Chip for measuring male fertility is first stage in home testing kit
23 February 2010
A new ‘fertility chip’, developed by researchers at the
University of Twente’s MESA+ Institute for Nanotechnology, can
accurately count spermatozoa in semen. This is an important step towards
the development of a compact device for reliable ‘pre-scanning’ of male
fertility. The researchers are publishing the invention of the chip in
the scientific journal Lab on a Chip.
Every year more than 10,000 couples in the Netherlands apply for
help because of involuntary childlessness. A sperm analysis is
typically the first step of fertility research. Testing sperm
quality requires stringent pre-test preparations and a specialized
laboratory. Tests often have to be repeated two to five times for
sufficient reliability. If men can carry out the tests in the
privacy of their own home this makes the procedure much less awkward
for them, the probability of a reliable diagnosis is increased, and
the costs of testing reduced.
Sperm counting chip
Concentration is an important indication of sperm count: the norm
for fertility is 20 million spermatozoa per millilitre of ejaculate.
Simple home tests are available, but these can only indicate that
the sperm count is 'above or below the norm'. These tests are too
limited because they do not actually measure the concentration of
spermatozoa. The chip developed by researcher Loes Segerink,
however, can accurately count spermatozoa. An artist's impression of
what an analyser with the chip could look like is shown below.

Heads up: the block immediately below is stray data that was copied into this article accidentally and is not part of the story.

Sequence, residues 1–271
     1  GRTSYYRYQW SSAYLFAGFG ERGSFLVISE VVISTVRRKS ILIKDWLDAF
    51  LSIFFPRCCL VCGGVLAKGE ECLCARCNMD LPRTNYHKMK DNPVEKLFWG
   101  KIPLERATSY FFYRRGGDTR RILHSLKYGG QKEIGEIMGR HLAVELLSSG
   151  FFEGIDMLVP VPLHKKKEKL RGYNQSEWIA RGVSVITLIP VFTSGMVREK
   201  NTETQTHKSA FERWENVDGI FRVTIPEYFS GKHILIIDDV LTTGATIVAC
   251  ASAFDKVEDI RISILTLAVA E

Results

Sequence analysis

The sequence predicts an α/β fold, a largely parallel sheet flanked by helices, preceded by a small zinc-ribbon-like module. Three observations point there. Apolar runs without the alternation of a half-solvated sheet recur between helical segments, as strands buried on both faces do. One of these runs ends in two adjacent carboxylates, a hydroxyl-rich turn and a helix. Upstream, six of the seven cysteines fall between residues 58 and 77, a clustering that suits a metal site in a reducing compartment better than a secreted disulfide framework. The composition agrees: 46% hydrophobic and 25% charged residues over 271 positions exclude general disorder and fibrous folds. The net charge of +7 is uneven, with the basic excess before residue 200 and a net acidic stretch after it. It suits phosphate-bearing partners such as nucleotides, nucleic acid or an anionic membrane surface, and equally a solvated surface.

the new chip, the spermatozoa flow through a fluid channel, above
which electrodes are fitted. When a cell flows under this 'bridge',
its electrical resistance changes momentarily, and this event is
counted. It is important that the count distinguishes between
spermatozoa and other particles or cells in the fluid: if other
particles are included the count will be unreliable.
Segerink added minuscule balls to the fluid to test its
selectivity. The method proved to be selective enough to distinguish
between the balls and the spermatozoa. White blood cells were also
distinguished by the chip. The number of white blood cells tells us
something about sperm quality and so this is important additional
information for the gynaecologist.
Activity and shape
Concentration is not the only indicator of sperm quality.
Spontaneous activity — also known as motility — and the shape of the
spermatozoa are also important factors. Further research will need
to establish whether these two quality characteristics can be
measured in a similar manner, so that a compact device can be
developed in which a chip can be inserted for single use. The user
will only be able to see that the test has been completed
successfully; the gynaecologist will inform him of the actual
1. Loes Segerink, Ad Sprenkels, Paul ter Braak, Istvan Vermes and
Albert van den Berg. On-chip determination of spermatozoa
concentration using electrical impedance measurements. Lab on a
Chip. It has been published online in the form of an Advance
Publication, and will appear in print in the near future.